Granted, providing fake details on your Facebook could easily foil some of these checks, but in many cases, that’s hardly different from lying about your age when you click or using a routing service to mask your location. Also, since if interact with friends on Facebook, you have a greater incentive to keep some information accurate. Facebook also reserves the right to terminate your account if you provide false profile information (despite also suggesting this strategy as a protection against identity theft).

My point is not to suggest that porn sites will soon be on Facebook’s “pre-approved” list or that Hulu would trust your profile over geographic IP data. I simply give these hypothetical scenarios to illustrate a larger trend: for better or for worse, your Facebook profile is becoming a virtual ID card.

Adding an identity layer to the Internet is not a new idea, but this may be the first time a system finds widespread adoption. Yet the Facebook identity model conflicts with many visions of how online identity should operate. “Open Stack” technologies, such as OpenID and OAuth, allow for federated setups. One of the first “Laws of Identity” by Kim Cameron states, “Digital identity systems must only reveal information identifying a user with the user’s consent.” Much of the consent in Facebook’s system comes from accepting the site’s terms at sign-up; many users will likely think that an opt-out Connect model violates Cameron’s principle.

And ultimately, user perception will be key to Facebook finding acceptance of its new endeavor. As social media researcher danah boyd discussed in her SXSW keynote, services with nothing technologically wrong can still disrupt social expectations (e.g. Google Buzz). (I rank the entire talk as must-read material for anyone working in the social networking space, but I’m only focusing on a few points here.) She also made a noteworthy distinction that I think will come up often as Facebook evolves:

Keep in mind that people don’t always make material publicly accessible because they want the world to see it….

Just because something is publicly accessible does not mean that people want it to be publicized. Making something that is public more public is a violation of privacy.

I think this distinction will be severely tested as the availability of Facebook data increases. I don’t dispute boyd’s evaluation, but coming from the perspective of security research, I know that when data becomes publicly available, it’s only a matter of time before it gets publicized in some way. With the wealth of information stored on Facebook’s servers, the site is becoming a favorite of both advertisers and attackers. Already we’ve seen hacks and tricks that make public Facebook data more public (see above), and each new site that integrates with Facebook is a new attack surface.

I’ve been cussed out by visitors to my site who think that by publishing weaknesses in the Facebook Platform or exposing seemingly hidden content I’m assisting those who maliciously hack people’s profiles. But much of what I post attempts to raise awareness of potential privacy and security issues before they get exploited by black hats. I can guarantee you I’m not the only one looking for Facebook weaknesses.

And that’s part of what concerns me about boyd’s distinction. The same technology that makes content “public” makes it easy to aggregate and publicize. For example, Pete Warden recently announced that he had built a dataset of 215 million Facebook profiles that he planned to publish for research purposes. Facebook eventually threatened to sue, prompting him to destroy the data, but no technology stands in the way of someone else recreating the dataset for their own purposes. In fact, with Facebook’s auto-connect system and the possibility of lighter rules for data storage, web sites may soon inadvertently recreate the dataset.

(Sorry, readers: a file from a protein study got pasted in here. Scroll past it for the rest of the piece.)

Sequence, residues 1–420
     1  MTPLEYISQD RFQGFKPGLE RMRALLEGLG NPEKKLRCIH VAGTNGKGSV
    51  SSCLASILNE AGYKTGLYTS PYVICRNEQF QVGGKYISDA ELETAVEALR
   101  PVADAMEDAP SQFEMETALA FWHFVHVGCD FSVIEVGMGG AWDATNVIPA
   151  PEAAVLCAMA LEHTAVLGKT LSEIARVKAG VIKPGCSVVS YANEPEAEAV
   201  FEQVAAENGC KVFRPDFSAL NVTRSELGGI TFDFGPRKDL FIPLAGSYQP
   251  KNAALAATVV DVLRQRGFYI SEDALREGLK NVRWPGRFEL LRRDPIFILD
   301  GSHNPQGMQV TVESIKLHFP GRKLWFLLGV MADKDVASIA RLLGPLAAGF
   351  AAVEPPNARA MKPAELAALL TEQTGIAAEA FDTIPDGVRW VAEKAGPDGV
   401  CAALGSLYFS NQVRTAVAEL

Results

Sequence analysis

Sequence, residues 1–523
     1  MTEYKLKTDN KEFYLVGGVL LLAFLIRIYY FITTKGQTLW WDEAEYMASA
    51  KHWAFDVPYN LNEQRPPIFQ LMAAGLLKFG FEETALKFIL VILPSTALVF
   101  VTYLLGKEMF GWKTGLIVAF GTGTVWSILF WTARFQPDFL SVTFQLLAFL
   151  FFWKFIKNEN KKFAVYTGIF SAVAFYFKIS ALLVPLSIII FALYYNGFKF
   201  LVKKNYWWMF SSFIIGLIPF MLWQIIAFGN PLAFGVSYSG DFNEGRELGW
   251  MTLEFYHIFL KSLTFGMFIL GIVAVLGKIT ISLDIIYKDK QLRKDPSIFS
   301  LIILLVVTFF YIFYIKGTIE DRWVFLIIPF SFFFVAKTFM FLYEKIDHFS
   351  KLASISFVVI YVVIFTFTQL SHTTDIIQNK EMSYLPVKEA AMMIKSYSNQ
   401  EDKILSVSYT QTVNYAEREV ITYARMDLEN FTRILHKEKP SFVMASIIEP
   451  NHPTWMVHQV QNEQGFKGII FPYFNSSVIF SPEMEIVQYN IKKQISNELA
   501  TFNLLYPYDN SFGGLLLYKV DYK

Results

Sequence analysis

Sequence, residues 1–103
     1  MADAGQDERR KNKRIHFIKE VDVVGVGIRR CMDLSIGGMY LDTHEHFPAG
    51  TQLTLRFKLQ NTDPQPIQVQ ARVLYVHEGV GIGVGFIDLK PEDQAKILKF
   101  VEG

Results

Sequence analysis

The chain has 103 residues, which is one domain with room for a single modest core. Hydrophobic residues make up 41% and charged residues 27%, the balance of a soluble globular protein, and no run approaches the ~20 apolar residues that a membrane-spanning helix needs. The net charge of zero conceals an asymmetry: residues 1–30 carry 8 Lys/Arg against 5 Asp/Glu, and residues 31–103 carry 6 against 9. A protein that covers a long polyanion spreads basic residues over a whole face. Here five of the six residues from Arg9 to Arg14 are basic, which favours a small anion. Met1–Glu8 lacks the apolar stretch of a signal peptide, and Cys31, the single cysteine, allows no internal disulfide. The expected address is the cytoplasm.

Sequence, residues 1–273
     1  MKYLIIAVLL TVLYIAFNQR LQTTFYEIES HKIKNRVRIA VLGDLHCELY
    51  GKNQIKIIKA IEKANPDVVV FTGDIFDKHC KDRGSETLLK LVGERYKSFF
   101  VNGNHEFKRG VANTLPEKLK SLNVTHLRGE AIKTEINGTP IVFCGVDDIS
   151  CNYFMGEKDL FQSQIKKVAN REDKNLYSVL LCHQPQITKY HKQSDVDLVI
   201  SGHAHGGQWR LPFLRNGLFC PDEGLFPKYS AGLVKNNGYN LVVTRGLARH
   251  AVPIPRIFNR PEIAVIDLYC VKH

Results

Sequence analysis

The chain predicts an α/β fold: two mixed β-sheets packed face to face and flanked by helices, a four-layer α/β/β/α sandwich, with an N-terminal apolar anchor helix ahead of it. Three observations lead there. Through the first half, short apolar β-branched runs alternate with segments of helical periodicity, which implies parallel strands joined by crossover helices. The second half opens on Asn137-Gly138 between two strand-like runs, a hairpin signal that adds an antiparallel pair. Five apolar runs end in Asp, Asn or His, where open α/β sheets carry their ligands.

I honestly don’t think that Facebook is evil or that they care nothing about user privacy. Their new identity layer will likely bring benefits to many users and provide sites with valuable features. But just as Facebook became successful through providing users with a more private experience, the Internet became successful in large part because of its anonymity. While many users are happy with their personal Facebook account being a place “where everyone knows your name,” many users also value the rest of the Internet not knowing if they’re a dog. And as danah boyd put it so well, “No matter how many times a privileged straight white male technology executive pronounces the death of privacy, Privacy Is Not Dead.”

Security pros use layered techniques, but so do attackers

For many years security professionals have advocated using layered safeguards to reduce the risk of threats. While many organizations do employ multiple technologies like firewalls, anti-virus and intrusion detection to try to stop hackers, these guys are getting very good at navigating our layers of security. It’s like the old Mario and Donkey Kong video games where you had to jump over land mines, climb ladders, wait for doors to open and avoid swinging obstacles to reach the bonus prizes.

As an example of how many layers they are able to traverse, consider the reported attack on a financial institution’s enterprise network, which started life as a hacked Facebook account. (Click HERE for the full story.)

To make a long story short the attackers did the following:

  1. They captured the Facebook credentials of an individual who worked for a financial institution
  2. They then scanned the user’s Facebook profile to find recent social events involving co-workers on Facebook (finding a company picnic)
  3. They then sent emails to multiple Facebook friends who were co-workers saying, “Hey, have a look at the pictures I took at the company picnic!”
  4. The emails contained links to malicious web pages that attempted to launch a keylogger on the victims’ computers.
  5. They then scanned the keystrokes of an employee whose laptop had become infected with the keylogger and found the authentication credentials for the corporate VPN
  6. They infiltrated the VPN and infected a computer inside the corporate perimeter and performed vulnerability scans around the network to find servers with sensitive information on them.